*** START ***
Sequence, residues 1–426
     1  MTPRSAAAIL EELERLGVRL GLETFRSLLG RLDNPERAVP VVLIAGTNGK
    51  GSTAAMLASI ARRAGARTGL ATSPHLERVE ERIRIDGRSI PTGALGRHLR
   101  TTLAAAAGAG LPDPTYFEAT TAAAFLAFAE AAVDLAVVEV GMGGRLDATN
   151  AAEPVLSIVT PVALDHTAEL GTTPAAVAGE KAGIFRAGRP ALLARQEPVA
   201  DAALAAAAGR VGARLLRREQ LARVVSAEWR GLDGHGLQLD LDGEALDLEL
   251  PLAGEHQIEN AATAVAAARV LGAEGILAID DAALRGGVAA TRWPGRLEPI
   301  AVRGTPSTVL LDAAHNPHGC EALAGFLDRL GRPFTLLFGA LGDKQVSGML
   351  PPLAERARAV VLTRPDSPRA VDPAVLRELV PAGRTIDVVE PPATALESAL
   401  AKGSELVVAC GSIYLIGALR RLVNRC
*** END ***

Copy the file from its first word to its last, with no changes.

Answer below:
Sequence, residues 1–426
     1  MTPRSAAAIL EELERLGVRL GLETFRSLLG RLDNPERAVP VVLIAGTNGK
    51  GSTAAMLASI ARRAGARTGL ATSPHLERVE ERIRIDGRSI PTGALGRHLR
   101  TTLAAAAGAG LPDPTYFEAT TAAAFLAFAE AAVDLAVVEV GMGGRLDATN
   151  AAEPVLSIVT PVALDHTAEL GTTPAAVAGE KAGIFRAGRP ALLARQEPVA
   201  DAALAAAAGR VGARLLRREQ LARVVSAEWR GLDGHGLQLD LDGEALDLEL
   251  PLAGEHQIEN AATAVAAARV LGAEGILAID DAALRGGVAA TRWPGRLEPI
   301  AVRGTPSTVL LDAAHNPHGC EALAGFLDRL GRPFTLLFGA LGDKQVSGML
   351  PPLAERARAV VLTRPDSPRA VDPAVLRELV PAGRTIDVVE PPATALESAL
   401  AKGSELVVAC GSIYLIGALR RLVNRC